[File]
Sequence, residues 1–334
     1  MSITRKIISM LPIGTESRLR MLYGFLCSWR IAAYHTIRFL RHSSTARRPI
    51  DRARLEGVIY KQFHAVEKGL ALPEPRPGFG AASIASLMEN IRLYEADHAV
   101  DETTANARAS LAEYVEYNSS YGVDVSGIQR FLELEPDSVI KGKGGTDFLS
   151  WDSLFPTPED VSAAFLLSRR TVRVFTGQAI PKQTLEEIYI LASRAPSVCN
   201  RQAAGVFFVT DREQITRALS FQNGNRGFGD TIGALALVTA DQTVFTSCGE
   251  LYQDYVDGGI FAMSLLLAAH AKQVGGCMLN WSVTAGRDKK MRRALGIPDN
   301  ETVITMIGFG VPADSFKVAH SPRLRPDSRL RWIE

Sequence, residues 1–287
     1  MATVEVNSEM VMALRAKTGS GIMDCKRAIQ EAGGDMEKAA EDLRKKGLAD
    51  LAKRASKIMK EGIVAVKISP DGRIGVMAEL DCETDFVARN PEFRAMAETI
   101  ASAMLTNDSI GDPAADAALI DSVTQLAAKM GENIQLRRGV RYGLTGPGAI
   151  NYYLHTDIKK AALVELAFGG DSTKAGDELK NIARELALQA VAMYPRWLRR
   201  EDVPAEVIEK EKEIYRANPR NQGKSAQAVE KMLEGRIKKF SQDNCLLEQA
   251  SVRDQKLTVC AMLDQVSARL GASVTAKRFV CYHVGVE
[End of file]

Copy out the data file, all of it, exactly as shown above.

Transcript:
Sequence, residues 1–334
     1  MSITRKIISM LPIGTESRLR MLYGFLCSWR IAAYHTIRFL RHSSTARRPI
    51  DRARLEGVIY KQFHAVEKGL ALPEPRPGFG AASIASLMEN IRLYEADHAV
   101  DETTANARAS LAEYVEYNSS YGVDVSGIQR FLELEPDSVI KGKGGTDFLS
   151  WDSLFPTPED VSAAFLLSRR TVRVFTGQAI PKQTLEEIYI LASRAPSVCN
   201  RQAAGVFFVT DREQITRALS FQNGNRGFGD TIGALALVTA DQTVFTSCGE
   251  LYQDYVDGGI FAMSLLLAAH AKQVGGCMLN WSVTAGRDKK MRRALGIPDN
   301  ETVITMIGFG VPADSFKVAH SPRLRPDSRL RWIE

Sequence, residues 1–287
     1  MATVEVNSEM VMALRAKTGS GIMDCKRAIQ EAGGDMEKAA EDLRKKGLAD
    51  LAKRASKIMK EGIVAVKISP DGRIGVMAEL DCETDFVARN PEFRAMAETI
   101  ASAMLTNDSI GDPAADAALI DSVTQLAAKM GENIQLRRGV RYGLTGPGAI
   151  NYYLHTDIKK AALVELAFGG DSTKAGDELK NIARELALQA VAMYPRWLRR
   201  EDVPAEVIEK EKEIYRANPR NQGKSAQAVE KMLEGRIKKF SQDNCLLEQA
   251  SVRDQKLTVC AMLDQVSARL GASVTAKRFV CYHVGVE